ENVS 220 (Environmental Analysis), Spring 2020
Related outcomes (if applicable): File
Understanding preparedness and recovery is key to studying human response to natural disaster. The best way to prepare and recover is through proper communication. Japan, a country on the Ring of Fire with a history of natural disasters, is specifically prone to natural disasters caused by earthquakes. As such, Japan’s earthquake response has evolved over time, and continues to reiterate and improve. The 2011 Tōhoku megathrust earthquake and tsunami is today the most powerful earthquake recorded in Japan at a record magnitude 9.1, making study of Japan’s preparation and recovery after this disaster a particularly interesting and important situated focus. In many ways, Tohoku was an unprecedented event for Japan, and a test to Japanese earthquake preparation and cultural resilience after a devastating natural event. There are two key components to any community’s survival: communication and community ties between local government and its residents. Complete implementation of community programs and wider broadcasting are essential to continue proper preparedness and recovery for areas and people who are affected by disaster.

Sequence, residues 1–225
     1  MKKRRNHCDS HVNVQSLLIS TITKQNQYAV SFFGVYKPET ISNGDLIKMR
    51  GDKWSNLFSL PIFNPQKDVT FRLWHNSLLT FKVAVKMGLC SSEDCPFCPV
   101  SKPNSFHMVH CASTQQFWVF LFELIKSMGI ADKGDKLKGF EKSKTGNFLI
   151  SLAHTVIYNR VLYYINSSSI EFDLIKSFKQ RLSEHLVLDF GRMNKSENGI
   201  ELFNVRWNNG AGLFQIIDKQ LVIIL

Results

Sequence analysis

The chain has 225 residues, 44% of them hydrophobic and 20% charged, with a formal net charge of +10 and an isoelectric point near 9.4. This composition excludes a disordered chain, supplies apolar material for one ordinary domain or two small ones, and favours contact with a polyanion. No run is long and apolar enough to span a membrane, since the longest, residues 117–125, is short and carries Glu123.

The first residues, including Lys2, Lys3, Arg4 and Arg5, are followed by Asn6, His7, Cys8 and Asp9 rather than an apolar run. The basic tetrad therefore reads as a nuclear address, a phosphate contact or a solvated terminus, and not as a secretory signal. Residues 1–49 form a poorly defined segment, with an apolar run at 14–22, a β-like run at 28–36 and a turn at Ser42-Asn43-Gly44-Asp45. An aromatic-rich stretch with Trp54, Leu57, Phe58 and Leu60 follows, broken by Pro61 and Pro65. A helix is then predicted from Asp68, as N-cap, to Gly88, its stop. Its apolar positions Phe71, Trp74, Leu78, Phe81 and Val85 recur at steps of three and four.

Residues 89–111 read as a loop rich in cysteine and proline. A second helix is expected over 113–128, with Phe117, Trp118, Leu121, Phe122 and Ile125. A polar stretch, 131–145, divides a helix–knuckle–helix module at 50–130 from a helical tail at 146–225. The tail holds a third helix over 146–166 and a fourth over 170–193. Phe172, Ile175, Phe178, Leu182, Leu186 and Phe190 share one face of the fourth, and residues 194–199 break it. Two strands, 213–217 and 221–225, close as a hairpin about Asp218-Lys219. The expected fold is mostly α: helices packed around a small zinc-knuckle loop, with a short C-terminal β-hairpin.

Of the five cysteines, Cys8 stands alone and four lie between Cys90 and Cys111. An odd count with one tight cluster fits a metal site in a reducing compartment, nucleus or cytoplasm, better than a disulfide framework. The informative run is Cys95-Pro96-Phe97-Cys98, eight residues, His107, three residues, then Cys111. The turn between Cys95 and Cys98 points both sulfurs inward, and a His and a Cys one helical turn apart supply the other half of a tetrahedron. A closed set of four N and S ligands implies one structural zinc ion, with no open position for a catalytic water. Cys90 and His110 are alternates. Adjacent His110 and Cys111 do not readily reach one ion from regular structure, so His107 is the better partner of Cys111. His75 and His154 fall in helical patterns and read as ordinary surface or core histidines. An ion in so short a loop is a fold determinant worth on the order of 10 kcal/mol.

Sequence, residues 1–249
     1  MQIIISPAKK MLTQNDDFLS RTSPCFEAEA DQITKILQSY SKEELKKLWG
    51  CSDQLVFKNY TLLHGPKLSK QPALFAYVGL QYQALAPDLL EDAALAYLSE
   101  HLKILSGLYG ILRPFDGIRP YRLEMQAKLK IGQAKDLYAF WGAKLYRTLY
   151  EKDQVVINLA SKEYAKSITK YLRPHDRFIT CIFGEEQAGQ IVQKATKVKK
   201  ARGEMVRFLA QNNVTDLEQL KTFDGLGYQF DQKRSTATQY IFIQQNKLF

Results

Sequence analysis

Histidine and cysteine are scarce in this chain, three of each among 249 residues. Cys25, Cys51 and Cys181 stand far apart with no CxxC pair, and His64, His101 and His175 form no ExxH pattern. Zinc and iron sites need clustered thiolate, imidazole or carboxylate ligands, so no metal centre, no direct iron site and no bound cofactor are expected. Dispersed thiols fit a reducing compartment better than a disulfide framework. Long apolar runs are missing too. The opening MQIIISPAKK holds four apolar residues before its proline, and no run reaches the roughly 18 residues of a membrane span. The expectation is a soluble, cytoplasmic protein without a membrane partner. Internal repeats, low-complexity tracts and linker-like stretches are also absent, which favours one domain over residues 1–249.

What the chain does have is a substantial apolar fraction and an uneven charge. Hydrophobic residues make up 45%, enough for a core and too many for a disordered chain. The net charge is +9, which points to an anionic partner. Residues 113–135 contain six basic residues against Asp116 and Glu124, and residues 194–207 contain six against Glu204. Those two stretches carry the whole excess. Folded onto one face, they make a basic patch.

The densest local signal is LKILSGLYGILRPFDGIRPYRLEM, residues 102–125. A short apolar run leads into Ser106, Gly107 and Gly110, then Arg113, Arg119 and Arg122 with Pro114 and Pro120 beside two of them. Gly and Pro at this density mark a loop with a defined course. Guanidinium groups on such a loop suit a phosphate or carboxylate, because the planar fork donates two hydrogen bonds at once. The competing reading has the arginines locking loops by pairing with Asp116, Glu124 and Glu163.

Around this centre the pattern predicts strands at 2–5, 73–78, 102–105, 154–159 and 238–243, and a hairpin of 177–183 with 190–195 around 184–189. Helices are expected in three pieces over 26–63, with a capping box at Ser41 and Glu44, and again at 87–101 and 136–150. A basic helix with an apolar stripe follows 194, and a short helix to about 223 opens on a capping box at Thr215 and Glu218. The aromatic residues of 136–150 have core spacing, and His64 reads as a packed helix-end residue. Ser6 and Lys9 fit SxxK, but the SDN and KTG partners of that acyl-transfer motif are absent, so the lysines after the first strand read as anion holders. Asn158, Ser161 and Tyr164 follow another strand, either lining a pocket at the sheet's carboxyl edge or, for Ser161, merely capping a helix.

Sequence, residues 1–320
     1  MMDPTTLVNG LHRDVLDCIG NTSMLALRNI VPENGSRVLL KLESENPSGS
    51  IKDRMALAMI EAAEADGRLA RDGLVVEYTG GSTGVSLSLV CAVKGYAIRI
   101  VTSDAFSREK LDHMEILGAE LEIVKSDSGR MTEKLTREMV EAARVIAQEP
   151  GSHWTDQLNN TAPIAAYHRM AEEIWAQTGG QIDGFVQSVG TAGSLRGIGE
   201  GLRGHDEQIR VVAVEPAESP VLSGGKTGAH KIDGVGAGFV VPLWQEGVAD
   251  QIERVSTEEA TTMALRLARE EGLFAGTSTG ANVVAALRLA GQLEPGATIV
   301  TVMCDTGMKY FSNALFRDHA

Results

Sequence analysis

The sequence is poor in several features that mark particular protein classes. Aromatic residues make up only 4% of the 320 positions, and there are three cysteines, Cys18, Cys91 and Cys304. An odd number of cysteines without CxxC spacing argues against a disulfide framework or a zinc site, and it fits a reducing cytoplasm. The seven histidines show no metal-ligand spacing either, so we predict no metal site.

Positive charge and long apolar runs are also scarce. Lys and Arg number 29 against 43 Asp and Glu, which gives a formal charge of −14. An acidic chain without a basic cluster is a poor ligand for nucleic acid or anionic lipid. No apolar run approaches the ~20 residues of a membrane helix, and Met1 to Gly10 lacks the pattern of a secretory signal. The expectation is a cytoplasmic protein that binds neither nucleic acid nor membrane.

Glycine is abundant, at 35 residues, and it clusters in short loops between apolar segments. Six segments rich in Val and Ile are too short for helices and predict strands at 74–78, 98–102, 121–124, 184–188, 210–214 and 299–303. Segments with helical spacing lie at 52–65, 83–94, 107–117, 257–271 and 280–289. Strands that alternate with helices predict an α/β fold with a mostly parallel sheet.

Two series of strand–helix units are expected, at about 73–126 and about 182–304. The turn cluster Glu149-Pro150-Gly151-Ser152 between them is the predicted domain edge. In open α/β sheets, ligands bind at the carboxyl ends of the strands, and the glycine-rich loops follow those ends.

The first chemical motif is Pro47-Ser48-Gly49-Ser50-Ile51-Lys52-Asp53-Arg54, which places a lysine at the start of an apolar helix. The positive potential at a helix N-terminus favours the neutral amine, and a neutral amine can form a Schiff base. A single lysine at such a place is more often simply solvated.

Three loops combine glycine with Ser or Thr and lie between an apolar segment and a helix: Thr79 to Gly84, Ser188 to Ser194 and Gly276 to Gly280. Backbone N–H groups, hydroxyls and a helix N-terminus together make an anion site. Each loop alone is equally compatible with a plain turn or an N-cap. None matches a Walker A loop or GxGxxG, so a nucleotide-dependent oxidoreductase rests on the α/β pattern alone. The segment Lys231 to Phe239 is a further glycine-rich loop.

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Framing Question: In what ways do governments and local/residential communities collectively respond to unprecedented natural disasters?
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Focus Question: How does communication between community members play a role in preparedness and recovery in the aftermath of the 2011 Tōhoku disaster?
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